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Research in kidney disease: an acute and chronic history

See World Report page 1935 See Perspectives page 1937

For the Think Kidneys Ipsos MORI 2014 survey see https:// www.thinkkidneys.nhs.uk/wpcontent/uploads/2015/01/ThinkKidneys-Report-Understandingwhat-the-public-knowJan-2015-11.pdf

Kidneys are remarkable organs. Both blood filters and endocrine organs, kidneys remove waste, regulate electrolytes and acid-base homoeostasis, control fluid balance and blood pressure, and regulate bone metabolism and red blood cell production. They are intimately connected with the functioning of other organs, such as the heart and liver, and can be devastated by diseases as varied as diabetes, autoimmune disorders, and many infections. Yet, more than almost any other organ, they are often ignored and misunderstood. A UK survey for the Think Kidneys campaign in 2014 found that only 51% of people knew that kidneys made urine, and 8% thought the kidneys pumped blood and fluids around the body. The kidney’s public image might, paradoxically, be a victim of its own success. People can live normal, symptom-free lives until they have lost almost 70% of their renal function. When kidneys do fail, they can be replaced—because of a century of pioneering research. Human haemodialysis was first tried in 1924 in Giessen, Germany, and, as a World Report in today’s Lancet shows, peritoneal dialysis is now available in some of the

most deprived countries on earth. The first successful human organ transplantation was of a kidney in Boston, USA, in 1954, and kidneys are the most commonly transplanted organs today. This renal-themed issue of The Lancet contains research articles on topics as diverse as a new antibiotic for complicated urinary tract infections, renal denervation for hypertension, and a hospital-based electronic alert system for acute kidney injury. Two Series papers discuss advances in the understanding of membranous nephropathy and management of autosomal dominant polycystic kidney disease, and the Profile is of Andrzej Więcek, a nephrologist whose present focus is on adipose tissue as an endocrine organ. But the very nature of kidneys means that assessments of renal function and disease are made on the basis of proxy markers, and these estimates are often far from perfect. Much research focusing on biomarkers and targets for treatment is, by necessity, preliminary and preclinical. Research in kidney disease has come a very long way, and has a very long way to go. „ The Lancet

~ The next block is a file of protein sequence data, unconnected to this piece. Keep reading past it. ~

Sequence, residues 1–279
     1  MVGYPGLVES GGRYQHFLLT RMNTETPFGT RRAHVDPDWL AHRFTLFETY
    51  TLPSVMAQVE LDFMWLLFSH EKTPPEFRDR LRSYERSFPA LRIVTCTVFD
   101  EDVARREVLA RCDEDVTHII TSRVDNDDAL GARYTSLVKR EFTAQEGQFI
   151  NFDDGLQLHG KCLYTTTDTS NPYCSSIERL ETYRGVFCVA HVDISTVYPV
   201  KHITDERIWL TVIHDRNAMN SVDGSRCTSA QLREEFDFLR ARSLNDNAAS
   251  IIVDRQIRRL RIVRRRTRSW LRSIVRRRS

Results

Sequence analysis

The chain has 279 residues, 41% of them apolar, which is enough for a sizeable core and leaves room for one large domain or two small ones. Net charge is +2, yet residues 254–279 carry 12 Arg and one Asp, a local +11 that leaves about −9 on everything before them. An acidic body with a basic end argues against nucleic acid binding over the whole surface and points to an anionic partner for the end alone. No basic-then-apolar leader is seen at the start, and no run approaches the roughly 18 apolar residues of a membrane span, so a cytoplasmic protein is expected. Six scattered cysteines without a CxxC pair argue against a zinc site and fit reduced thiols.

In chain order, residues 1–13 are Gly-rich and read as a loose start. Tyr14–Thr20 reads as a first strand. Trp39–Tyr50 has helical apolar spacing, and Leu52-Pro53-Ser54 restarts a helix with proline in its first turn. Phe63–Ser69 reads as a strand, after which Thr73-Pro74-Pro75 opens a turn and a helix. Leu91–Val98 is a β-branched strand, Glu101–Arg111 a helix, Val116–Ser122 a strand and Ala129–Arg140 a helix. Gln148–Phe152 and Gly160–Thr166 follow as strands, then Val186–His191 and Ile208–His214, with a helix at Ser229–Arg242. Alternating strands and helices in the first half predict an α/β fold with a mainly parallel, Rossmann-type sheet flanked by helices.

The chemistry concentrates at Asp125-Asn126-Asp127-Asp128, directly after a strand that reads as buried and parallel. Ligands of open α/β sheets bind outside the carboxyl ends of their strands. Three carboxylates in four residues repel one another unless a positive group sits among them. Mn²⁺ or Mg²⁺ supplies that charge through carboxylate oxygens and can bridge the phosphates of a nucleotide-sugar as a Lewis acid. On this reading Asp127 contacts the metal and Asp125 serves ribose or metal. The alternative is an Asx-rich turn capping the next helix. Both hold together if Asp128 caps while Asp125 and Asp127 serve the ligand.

Rick Gomez/Corbis

The Hispanic paradox

For the CDC’s Vital Signs report see http://www.cdc.gov/mmwr/ preview/mmwrhtml/ mm6417a5.htm?s_ cid=mm6417a5_w


Nearly 30 years ago, Kyriakos Markides coined the term “the Hispanic paradox” to describe the epidemiological mystery of why Hispanic individuals in the USA live longer than their white counterparts despite generally lower socioeconomic status and health-care access. Hispanics and Latinos comprise 18% of the total US population; however, few national health estimates have been stratified by Hispanic country of origin or have provided robust data about differences in subpopulations. On May 5, the US Centers for Disease Control and Prevention published their Vital Signs report on the health and causes of death of Hispanics in the USA. Using mortality figures and national health surveillance data, the report’s findings support Markides’ paradox, confirming the disparate health outcomes of Hispanic compared with white individuals. Hispanics had a 24% lower risk of all-cause mortality and lower risks of nine of the leading 15 causes of death in the USA (notably, cancer and heart disease). However, the report shows serious issues that particularly affect the health of

Hispanic people in the USA. Deaths from diabetes, liver disease, and homicide were substantially higher than in white people, as was the prevalence of obesity. Access to health care was worryingly low; more than 40% of individuals reported no health insurance. Important variations existed in risk behaviour and disease prevalence between individuals of different Hispanic origins, and between those who were US or foreign born. Interventions should be personalised to account for original ethnic origin and birth location. As a young population, targeting of Hispanic individuals could have a hugely beneficial effect on future disease rates. Culturally appropriate health care with outreach to individuals who do not speak English and encouragement to engage with clinical screening through lay health workers might help to prevent future increases in mortality. The USA cannot ignore the health of Hispanic people and, as the spotlight falls on patient-centred medicine, it is important to recognise the health differences and needs of subpopulations in all societies worldwide. „ The Lancet www.thelancet.com Vol 385 May 16, 2015

Research in kidney disease: an acute and chronic history.

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